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You Can’t Hope and Grieve at the Same Time

(written 02-18-2017)

 

So many blogs, so little time.

 

Never thought, in my wildest dreams, I’d ever say that.

 

I have so many ideas that are percolating in my head that I want to talk about. I just don’t have the free time to get them out. Shoot, I haven’t even had the free time to start publishing my blogs.

 

Wait!

 

By the time you read this you’ll be like, “Hey, what do you mean you don’t have the free time to publish? I’ve already read over 20 of your blogs.”

 

I mean, as of this writing, I haven’t started publication yet.

 

Up to this point, the theme of my blogs remains the same: they’re a way of learning how to let go of my marriage, work through the grief of my divorce, integrate my adult with my inner child, and learn to love myself.

 

You’d think that learning to love myself would be the hard part. Nah. That part’s getting easier every day. I’m no longer engaging in the addictive behaviors I had before; I don’t even have those old thoughts.

 

Without all the lies, the guilt and shame of engaging in behaviors that go against my morals, the fear of getting caught including the high stress of juggling all my lies, I let go of a lot crap in my head. Not only is there a level of peace that comes from that, but there’s also an inner confidence and sense of love that I’m now becoming the person I want to be.

 

Every day I find more about me to love.

 

Unfortunately, I still struggle in one area of my life. Maybe the craziness thinking is normal for me, so I gravitate towards it. I cause it. It’s what I have always known.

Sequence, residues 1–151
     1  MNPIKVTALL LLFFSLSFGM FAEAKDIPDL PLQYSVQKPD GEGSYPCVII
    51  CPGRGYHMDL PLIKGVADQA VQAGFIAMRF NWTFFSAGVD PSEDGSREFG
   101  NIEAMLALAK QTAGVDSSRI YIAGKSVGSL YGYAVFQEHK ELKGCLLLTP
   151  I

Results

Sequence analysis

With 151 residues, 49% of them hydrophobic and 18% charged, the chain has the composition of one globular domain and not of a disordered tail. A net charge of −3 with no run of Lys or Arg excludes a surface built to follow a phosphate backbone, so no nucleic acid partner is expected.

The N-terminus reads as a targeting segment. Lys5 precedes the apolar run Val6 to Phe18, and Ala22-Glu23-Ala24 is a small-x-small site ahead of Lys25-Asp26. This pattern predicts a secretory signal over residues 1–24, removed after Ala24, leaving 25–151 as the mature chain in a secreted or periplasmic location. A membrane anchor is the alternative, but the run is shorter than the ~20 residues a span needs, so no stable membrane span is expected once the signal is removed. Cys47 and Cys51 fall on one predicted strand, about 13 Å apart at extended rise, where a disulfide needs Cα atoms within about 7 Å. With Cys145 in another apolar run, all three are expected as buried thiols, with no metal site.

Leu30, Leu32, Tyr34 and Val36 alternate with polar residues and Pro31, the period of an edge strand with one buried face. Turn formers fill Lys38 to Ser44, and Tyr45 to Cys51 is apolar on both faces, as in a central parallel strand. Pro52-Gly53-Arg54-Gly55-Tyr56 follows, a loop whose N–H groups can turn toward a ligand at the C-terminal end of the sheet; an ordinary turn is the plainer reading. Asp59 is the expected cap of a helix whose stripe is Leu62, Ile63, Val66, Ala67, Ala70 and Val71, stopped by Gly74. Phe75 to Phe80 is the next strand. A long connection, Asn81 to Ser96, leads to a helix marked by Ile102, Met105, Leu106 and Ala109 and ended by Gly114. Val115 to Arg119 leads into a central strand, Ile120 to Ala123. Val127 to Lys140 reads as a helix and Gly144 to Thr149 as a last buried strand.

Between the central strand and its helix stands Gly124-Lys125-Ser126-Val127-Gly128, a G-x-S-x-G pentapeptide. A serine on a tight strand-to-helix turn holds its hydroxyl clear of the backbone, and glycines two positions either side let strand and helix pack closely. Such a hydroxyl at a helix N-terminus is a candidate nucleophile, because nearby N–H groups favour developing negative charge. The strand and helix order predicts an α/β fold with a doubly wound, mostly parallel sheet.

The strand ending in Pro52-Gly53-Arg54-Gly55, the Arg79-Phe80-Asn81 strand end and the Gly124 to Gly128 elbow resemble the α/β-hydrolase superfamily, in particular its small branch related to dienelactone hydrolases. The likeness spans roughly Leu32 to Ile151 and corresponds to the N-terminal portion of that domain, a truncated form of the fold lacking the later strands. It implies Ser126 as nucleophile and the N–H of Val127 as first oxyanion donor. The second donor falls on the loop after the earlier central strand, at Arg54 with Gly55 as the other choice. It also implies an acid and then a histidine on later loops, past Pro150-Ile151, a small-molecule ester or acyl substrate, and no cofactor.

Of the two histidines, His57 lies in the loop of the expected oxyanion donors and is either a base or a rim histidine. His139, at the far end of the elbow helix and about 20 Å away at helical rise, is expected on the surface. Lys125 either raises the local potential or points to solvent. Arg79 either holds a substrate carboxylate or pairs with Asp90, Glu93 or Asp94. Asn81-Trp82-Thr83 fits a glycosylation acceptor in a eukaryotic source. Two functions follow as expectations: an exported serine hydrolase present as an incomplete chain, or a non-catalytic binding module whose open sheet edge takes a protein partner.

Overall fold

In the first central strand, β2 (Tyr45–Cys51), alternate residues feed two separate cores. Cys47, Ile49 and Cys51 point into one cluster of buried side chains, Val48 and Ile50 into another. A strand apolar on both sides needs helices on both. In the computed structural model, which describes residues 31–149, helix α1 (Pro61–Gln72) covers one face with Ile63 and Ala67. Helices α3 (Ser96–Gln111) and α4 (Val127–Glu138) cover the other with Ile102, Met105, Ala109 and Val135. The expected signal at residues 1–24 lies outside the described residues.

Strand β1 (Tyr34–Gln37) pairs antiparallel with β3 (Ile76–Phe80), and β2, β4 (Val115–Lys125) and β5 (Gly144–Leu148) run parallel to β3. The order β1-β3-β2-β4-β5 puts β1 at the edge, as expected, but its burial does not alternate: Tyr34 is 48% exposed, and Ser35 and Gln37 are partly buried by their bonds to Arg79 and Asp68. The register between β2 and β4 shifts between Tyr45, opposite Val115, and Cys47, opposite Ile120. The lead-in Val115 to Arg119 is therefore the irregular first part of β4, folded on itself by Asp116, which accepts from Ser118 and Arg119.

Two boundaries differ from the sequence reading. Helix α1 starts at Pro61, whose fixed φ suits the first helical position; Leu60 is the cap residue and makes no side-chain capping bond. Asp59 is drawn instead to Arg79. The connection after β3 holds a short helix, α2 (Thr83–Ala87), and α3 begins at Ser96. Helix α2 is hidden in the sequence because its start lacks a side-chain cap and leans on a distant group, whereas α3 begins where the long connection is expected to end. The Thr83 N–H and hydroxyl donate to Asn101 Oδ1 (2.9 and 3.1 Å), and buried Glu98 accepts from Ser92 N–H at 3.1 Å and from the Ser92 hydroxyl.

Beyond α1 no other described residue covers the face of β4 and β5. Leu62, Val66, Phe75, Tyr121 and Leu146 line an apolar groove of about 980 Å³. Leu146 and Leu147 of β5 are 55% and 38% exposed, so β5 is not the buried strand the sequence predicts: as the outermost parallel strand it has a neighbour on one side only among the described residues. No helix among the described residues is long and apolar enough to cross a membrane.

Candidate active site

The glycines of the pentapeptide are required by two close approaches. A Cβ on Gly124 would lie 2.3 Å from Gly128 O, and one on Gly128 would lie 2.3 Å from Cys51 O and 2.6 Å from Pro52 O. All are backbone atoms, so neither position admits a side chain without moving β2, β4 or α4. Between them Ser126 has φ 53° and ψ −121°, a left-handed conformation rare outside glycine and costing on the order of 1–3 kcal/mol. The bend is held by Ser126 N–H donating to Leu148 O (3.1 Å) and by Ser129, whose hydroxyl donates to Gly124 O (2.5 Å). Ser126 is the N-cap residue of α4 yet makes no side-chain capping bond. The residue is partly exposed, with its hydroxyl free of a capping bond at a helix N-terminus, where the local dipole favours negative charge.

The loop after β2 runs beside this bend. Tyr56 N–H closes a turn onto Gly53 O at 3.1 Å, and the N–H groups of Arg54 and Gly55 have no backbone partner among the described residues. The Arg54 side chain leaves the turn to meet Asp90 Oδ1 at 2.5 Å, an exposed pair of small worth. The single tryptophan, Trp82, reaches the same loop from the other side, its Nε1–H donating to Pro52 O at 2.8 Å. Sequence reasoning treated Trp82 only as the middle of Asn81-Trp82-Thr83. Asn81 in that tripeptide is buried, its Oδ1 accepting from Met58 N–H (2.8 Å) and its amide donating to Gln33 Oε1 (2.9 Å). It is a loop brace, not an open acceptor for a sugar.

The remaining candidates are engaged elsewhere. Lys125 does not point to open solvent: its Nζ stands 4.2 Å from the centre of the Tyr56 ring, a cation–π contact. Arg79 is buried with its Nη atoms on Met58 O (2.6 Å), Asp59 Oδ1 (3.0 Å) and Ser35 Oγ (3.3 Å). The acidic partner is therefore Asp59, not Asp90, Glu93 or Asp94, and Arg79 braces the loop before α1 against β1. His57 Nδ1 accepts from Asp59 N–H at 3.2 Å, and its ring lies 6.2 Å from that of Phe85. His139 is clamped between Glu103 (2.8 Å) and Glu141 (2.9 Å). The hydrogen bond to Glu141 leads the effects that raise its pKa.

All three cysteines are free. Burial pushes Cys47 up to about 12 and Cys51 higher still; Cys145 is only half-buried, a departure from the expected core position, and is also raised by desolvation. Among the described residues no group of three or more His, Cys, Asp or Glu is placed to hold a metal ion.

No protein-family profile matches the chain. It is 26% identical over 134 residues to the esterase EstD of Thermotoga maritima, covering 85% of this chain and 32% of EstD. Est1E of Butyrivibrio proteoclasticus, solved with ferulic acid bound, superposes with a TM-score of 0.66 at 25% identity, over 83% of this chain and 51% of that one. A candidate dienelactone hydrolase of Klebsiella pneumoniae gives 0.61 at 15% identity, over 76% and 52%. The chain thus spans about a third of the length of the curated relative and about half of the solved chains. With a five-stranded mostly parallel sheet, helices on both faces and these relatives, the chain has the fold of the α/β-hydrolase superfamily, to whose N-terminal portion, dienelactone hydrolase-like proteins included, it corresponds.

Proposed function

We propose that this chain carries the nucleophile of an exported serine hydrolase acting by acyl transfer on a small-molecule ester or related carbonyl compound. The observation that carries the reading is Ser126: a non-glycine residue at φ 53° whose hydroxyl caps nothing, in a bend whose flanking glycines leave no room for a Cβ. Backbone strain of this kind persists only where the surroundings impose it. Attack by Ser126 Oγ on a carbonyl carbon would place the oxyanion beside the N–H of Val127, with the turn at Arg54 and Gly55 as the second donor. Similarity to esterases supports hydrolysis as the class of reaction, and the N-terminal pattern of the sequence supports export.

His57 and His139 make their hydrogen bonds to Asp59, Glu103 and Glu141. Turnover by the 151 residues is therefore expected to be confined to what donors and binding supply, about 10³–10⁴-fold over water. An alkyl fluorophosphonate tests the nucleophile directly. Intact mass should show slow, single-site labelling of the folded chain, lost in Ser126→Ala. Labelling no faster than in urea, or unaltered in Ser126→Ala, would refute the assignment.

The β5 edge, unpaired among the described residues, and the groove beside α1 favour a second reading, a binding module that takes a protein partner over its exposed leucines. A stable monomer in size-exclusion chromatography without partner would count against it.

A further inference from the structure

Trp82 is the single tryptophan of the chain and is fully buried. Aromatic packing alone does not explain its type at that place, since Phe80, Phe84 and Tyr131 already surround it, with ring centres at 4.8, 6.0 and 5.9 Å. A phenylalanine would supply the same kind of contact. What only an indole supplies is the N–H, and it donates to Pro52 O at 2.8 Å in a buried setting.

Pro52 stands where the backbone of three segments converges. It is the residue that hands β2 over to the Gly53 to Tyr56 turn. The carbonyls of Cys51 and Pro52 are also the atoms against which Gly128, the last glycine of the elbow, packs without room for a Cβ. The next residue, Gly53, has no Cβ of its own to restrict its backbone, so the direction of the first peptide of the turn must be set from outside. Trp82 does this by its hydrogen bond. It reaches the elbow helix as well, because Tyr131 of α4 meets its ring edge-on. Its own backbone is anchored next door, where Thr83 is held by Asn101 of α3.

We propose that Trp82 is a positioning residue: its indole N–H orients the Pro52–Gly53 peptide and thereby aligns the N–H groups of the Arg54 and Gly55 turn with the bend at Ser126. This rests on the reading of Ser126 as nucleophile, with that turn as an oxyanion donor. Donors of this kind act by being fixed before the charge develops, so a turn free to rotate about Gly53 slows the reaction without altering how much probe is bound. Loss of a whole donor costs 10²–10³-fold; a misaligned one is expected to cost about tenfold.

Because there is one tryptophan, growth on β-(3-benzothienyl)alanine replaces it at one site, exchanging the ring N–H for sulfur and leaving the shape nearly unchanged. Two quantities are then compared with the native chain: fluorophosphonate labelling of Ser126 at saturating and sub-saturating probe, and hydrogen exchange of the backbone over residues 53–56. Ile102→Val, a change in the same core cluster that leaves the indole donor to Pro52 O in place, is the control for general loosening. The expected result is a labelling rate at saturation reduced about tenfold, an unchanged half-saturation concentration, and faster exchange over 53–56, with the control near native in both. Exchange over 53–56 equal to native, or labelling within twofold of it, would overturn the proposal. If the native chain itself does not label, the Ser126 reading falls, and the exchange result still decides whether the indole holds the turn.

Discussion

I’ve normalized craziness.

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To Find Connection, I Must Remove the Poison – Part 3

(written 02-14-2017)

 

Five days ago, I worked on extracting the poison that has been toxic to my behaviors and not only harmed my marriage and my girls, but actions that have damaged myself to the core.

 

I grew up in a family where children were seen but not heard, where I learned not to trust others, and where I learned that it wasn’t safe to express feelings. I used the analogy in Part 1 that for me to heal, I need to stop attacking the leaves and the branches of my tree, but go all the way down to the source, right to the limb where my behaviors were learned.

 

The main issues I wanted to focus on were:

  • Being a surrogate spouse to my mother at the age of three, then having her emotionally leave me for a new man when I was six
  • My belief that to be connected as a family, my step-sister had to be there
    • that I wasn’t important enough to have my step-father, mother and I be connected as a family
    • the belief that I was a third wheel
  • Having a temper tantrum in my room, but no one knowing how to take care of my needs
  • My step-father’s unexpected and uncontrollable anger, rages, and outbursts
  • My Grandmother’s use of shame to control my family

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To Find Connection, I Must Remove the Poison – Part 2

(written 02-12-2017)

 

I know, I know. You’re here expecting to slash the machete through the thicket of my complex brain while we discuss my processes through EMDR (Eye Movement Desensitization and Reprocessing).

 

Sorry to burst your bubble. Not today!

 

I learned something yesterday that I wanted to share first. It’s important, so bear with me. We’ll explore my jungle tomorrow.

 

I’m currently taking a course by Dawn Clancy called ACOA 101. Yes, I have numerous workbooks, podcasts, books, and a variety of other recovery resources I’m doing to really understand my internal pain and how to heal it. This has become my personal goal, my life mission so to speak. You’re just lucky enough to join me on this Rocky Road.

 

For some reason, I’m currently craving ice cream.

 

Anyway, what I just learned was, that as a child of a dysfunctional family, I was expected to follow three implied rules. These rules are explained in Claudia Black’s book, Children of Alcoholics: It Will Never Happen To Me.

 

The three rules are:

  1. Don’t Talk
  2. Don’t Trust
  3. Don’t Feel

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